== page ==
WASHINGTON-A guard woke Marilyn Shirley in her prison cell at 2:30 in the morning, saying she was needed in the guardhouse. Arriving there, she noticed there were no female guards present. The guard called another guard to give him a signal if the prison lieutenant was heading to the office. Then he raped Shirley.
Shirley is just one face among 60,500 of the reported victims of sexual assault in prisons every year, or about one in every 20 inmates according to the Bureau of Justice Statistics. Among juveniles, the numbers are worse: One in eight are victims of sexual assault while incarcerated.
A number of groups who couldn't be more different are single-minded on eliminating prison rape. Prison Fellowship, the American Civil Liberties Union, the Family Research Council, Human Rights Watch, Focus on the Family, Sojourners, and others signed onto a letter Tuesday urging U.S. Attorney General Eric Holder to implement new standards that would cut down prison rapes.
The proposed standards, which are the result of a 2003 law, include simple changes like forbidding male guards from doing strip searches of female prisoners or supervising them in showers. Under the standards, prison guards would be required to have background checks and prison rapes would have to be treated like crimes-where evidence would be collected and witnesses interviewed.
"These [standards] are common sense," said Pat Nolan, vice president of Prison Fellowship, who himself spent time in federal prison. But a Justice Department consultant reviewed the measures and found some could be expensive to implement-like a requirement that prisons provide mental and medical health treatment for inmates who are victims of sexual assault. So while Holder was supposed to have enacted the standards in June after a year of review, he is holding off, perhaps for another year.
"If these standards had been in effect this never would have happened to me," Shirley told me. After the rape, she taped her semen-covered sweatpants under her locker-hiding them for evidence. She said the guard who raped her, Michael Miller, ordered all her clothes washed, but no one found the pants. She had been serving 18 months for a drug charge and feared that her sentence would be lengthened if she talked about the rape, so she served the remaining six months of her sentence in silence. The day she left prison, a female guard said, "This must be the happiest day of your life." Shirley started crying, pulled out the sweatpants and told her what happened. Miller is now serving a 12-year sentence for the rape.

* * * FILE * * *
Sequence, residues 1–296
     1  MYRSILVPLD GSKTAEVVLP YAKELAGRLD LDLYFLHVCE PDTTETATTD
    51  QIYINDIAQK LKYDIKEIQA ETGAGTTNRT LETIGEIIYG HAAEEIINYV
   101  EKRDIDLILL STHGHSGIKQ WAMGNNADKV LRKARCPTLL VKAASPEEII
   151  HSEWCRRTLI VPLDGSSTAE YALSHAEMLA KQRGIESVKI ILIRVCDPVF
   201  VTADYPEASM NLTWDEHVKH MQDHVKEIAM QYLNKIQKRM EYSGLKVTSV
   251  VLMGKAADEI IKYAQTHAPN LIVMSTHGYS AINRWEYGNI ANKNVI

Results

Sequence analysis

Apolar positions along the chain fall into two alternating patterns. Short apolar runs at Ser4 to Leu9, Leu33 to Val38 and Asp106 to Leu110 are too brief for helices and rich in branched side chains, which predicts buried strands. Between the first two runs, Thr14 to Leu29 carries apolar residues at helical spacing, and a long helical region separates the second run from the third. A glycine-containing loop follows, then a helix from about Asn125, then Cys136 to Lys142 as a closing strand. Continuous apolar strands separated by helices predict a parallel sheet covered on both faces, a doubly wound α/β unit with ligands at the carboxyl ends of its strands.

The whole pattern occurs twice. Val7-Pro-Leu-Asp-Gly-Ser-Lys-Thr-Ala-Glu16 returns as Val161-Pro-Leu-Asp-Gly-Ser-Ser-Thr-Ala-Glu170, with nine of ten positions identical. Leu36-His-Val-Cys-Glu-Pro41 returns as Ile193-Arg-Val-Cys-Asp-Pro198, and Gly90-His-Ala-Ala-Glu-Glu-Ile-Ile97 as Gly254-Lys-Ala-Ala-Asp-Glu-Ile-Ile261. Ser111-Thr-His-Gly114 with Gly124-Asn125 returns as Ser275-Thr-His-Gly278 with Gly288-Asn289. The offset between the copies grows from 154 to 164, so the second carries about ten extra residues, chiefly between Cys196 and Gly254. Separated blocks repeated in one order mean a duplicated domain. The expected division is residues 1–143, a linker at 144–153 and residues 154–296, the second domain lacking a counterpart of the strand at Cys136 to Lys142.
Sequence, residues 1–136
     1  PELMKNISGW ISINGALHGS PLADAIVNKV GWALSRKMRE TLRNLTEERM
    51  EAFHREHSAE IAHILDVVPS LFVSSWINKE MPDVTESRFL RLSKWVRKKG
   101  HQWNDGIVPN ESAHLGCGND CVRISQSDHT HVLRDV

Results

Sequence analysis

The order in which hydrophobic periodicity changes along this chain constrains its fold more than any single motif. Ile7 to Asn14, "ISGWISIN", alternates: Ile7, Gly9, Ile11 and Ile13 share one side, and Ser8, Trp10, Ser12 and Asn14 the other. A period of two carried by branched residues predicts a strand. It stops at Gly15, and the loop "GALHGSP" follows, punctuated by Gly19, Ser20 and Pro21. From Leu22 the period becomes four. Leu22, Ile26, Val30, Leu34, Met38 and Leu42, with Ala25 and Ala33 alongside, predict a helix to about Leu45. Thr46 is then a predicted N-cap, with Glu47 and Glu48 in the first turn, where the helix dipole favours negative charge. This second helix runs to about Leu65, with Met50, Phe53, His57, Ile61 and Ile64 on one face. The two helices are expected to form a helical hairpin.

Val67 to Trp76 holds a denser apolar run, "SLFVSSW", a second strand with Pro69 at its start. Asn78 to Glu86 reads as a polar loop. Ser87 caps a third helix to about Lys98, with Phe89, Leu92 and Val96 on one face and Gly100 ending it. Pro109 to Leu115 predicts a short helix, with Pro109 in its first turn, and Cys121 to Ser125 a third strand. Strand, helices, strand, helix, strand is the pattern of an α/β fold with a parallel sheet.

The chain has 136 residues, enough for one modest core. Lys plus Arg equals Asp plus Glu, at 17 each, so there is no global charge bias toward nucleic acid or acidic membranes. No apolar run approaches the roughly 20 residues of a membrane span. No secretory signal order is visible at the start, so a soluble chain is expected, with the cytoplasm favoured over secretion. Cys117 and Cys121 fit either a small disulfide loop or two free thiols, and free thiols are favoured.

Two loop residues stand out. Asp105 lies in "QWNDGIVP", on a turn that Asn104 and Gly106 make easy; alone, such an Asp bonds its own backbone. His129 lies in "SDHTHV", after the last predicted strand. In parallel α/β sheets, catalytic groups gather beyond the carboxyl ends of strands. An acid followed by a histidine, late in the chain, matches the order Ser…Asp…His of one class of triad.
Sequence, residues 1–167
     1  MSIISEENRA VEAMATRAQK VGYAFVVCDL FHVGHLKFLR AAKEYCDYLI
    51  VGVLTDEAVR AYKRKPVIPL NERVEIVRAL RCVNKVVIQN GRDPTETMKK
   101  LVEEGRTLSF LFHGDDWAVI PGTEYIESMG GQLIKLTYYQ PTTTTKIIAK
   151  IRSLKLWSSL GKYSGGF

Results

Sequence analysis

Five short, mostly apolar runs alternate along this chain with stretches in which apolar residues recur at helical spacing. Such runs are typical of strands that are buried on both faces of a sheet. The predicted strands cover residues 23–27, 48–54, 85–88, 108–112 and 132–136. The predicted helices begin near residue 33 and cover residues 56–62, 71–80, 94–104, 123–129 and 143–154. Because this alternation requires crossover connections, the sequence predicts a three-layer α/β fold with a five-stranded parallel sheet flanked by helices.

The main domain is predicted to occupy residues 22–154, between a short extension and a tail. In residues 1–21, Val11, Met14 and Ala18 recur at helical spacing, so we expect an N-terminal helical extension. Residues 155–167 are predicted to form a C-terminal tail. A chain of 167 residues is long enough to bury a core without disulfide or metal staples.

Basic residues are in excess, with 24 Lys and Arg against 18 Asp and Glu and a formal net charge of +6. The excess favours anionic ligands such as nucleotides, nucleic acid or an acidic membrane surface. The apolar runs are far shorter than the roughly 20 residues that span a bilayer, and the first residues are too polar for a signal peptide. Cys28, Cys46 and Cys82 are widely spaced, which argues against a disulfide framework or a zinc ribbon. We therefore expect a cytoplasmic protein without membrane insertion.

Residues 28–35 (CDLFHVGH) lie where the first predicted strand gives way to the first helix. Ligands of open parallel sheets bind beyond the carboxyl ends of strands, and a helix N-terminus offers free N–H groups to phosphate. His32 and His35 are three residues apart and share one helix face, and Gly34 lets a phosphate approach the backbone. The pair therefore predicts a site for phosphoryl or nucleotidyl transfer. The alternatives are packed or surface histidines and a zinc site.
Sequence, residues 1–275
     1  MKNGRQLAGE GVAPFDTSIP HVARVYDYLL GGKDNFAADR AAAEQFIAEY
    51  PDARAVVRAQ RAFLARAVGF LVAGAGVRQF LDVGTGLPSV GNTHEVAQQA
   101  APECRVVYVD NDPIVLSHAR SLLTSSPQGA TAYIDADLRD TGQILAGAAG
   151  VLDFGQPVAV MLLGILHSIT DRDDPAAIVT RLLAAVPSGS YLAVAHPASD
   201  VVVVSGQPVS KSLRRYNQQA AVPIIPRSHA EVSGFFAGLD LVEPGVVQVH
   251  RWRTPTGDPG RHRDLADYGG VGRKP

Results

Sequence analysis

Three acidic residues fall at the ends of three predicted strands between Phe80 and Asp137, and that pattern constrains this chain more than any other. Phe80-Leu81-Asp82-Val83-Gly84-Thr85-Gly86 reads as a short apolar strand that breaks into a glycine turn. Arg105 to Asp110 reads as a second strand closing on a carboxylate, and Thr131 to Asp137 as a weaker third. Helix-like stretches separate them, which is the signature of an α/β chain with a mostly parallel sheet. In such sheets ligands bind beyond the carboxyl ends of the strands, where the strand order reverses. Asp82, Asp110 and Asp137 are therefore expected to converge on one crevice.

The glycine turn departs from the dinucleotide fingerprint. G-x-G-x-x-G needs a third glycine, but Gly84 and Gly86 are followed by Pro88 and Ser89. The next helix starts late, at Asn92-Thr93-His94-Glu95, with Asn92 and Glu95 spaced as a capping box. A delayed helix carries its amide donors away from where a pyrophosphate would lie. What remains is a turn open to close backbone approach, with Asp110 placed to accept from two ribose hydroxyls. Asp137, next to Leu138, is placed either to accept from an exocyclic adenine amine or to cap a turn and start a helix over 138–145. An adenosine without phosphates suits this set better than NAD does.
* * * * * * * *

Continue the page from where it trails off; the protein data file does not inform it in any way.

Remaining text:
During his trial, three other inmates testified that Miller had assaulted them, but no one had evidence like Shirley did-and few prisoners do. Since Shirley was released, she has received two $25 checks as compensation for what she experienced, while she covers all her medical bills for the panic attacks and depression she now experiences on a daily basis.
California and Oregon have already begun implementing the rape elimination standards on their own, and Nolan said "they haven't found the costs exorbitant." He pointed out that Michigan last year paid out $100 million in a settlement for prison sexual assault cases-a sum that doesn't include all the legal costs for the case that lasted over a decade.
"If that money had been spent on prevention of rape the woman would be better off, the community would be better off," Nolan noted. "There's a tremendous societal cost. And it's a stain on our nation."